For some time after the commencement of the siege the designs of the enemy were not apparent, as his principal batteries against Yorktown were kept silent and concealed, and only a distant gunboat threw an occasional heavy shell at the surrounding camps. The sharp-shooters and the field artillery, however, on both sides, were more implacable than ever afterwards, except in the neighborhood of the mine at Petersburg in 1864, and a single man was scarcely able to show himself at any distance, without having some missile sent after him. Meanwhile the Confederate line was much strengthened and improved, as well as shortened, by being bent back from the Warwick at Lee's mill, and resting its right flank on Skiff creek, a large and deep tributary of the James, an elbow of which here approached within a mile of the Warwick. The intrenched camp at Mulberry Island was left as an independent outwork, being difficult to attack by land. The enemy used his balloons constantly to overlook the Confederate positions, and seemed to command a view of everything that was done, but, strange to say, the information from this source seems to be the most unreliable of all that misled the Federal commander as to his adversary's numbers and movements. General Johnston was much more accurately informed, although the character of the lines was very unfavorable for secret service.2

The dangers of the flank on York river, and perhaps some apprehensions of the effect upon his earthworks of the enemy's one hundred [38] and two hundred pounder rifles and thirteen inch mortars, decided General Johnston not to undergo the risks of a siege in which the weight of metal would be so vastly against him.3

Accordingly, on the night of Saturday, the 3rd of May, two days before the day appointed by McClellen for opening his batteries, the Army of Northern Virginia was quietly withdrawn from its intrenchments and put in motion up the Peninsula, whither for several days its impedimenta had been preceding it. All valuable stores were successfully removed, except the armament and ammunition of the Yorktown batteries, which was necessarily reserved to the last moment for emergencies. A few hours before the evacuation commenced, however, General D. H. Hill opened a bombardment of the enemy's lines which somewhat reduced the ammunition on hand, and also served to prevent any suspicion of his departure. About eighty guns were abandoned in all, including those at Gloucester Point, but their real value was very little, being mostly old ship guns brought from the navy yard at Norfolk, and ranging from thirty-two pounders to eight-inch columbiads — too heavy for land defence and too light for effective water batteries. About seventy-five rounds of ammunition were left for each piece.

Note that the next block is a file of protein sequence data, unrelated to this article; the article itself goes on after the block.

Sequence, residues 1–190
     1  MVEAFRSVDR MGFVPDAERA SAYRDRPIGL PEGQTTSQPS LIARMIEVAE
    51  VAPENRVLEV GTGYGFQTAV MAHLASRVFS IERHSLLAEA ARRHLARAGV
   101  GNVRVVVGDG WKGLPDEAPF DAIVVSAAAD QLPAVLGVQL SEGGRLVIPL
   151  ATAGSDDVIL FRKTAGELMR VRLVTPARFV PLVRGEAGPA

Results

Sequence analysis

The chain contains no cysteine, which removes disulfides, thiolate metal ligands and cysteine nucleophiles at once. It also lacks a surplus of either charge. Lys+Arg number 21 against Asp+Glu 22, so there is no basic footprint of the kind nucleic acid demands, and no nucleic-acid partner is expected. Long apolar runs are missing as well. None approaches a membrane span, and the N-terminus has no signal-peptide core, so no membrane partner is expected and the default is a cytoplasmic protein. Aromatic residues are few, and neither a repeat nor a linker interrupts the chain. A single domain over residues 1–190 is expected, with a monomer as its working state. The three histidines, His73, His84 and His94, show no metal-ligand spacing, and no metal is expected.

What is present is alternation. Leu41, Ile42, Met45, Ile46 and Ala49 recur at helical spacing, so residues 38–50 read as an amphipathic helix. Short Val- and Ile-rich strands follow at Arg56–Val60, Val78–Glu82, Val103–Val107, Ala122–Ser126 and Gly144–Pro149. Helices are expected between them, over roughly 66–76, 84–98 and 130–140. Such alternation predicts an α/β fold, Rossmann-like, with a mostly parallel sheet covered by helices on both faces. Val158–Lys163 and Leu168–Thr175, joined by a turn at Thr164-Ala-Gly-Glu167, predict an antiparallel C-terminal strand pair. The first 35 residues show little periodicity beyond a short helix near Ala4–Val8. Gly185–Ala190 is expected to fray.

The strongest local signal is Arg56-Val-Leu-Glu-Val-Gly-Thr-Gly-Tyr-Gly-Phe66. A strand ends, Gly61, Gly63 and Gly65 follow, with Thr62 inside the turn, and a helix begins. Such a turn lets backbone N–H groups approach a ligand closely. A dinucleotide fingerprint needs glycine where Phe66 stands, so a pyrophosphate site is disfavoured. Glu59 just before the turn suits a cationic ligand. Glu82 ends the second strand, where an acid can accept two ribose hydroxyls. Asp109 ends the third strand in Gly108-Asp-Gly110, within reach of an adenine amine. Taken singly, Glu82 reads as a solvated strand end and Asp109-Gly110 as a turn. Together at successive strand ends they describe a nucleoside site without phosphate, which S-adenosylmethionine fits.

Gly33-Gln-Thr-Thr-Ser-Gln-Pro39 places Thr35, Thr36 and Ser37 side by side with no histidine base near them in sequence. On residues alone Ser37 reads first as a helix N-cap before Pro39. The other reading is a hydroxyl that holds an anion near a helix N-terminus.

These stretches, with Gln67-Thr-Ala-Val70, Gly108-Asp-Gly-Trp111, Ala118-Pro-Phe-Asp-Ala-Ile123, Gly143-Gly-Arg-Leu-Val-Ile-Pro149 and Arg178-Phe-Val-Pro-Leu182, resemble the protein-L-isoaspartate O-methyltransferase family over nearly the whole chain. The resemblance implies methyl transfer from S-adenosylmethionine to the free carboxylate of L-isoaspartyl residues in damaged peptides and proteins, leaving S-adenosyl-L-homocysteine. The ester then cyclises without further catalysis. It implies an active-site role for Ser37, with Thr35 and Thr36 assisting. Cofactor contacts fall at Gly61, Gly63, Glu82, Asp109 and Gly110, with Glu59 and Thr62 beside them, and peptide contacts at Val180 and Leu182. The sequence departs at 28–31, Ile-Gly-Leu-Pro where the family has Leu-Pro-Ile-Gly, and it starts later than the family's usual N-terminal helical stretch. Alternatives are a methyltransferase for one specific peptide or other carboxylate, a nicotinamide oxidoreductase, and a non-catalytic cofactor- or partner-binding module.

About midnight, the infantry having all taken the road, and the rear guard of cavalry being in position, the firing ceased, the guns were spiked and the artillerists were also withdrawn.

The enemy did not discover the retreat until sunrise on the 4th, when they advanced with some caution to investigate the unusal quiet of the Confederate lines. A number of torpedoes had been planted in various places about the deserted lines by General Raines, and one of them was exploded about 3 o'clock in the morning by some cavalry stragglers from the Confederate rear-guard, who entered the town, some of them being wounded by the explosion. Within a short while after the entrance of the enemy several other explosions occurred, causing in all nearly thirty casualties. Other torpedoes were planted by General Raines at points along the route of the retreat, after the [39] rear-guard had passed, and current reports afterwards affirmed that one or two exploded among the enemy's cavalry and, and were the cause of great circumspection in their pursuit. Much indignation was expressed by the enemy at this novel mode of warfare, and General McClellan had Confederate prisoners detailed to open the magazines at Yorktown, which it was suspected were arranged with infernal machines.4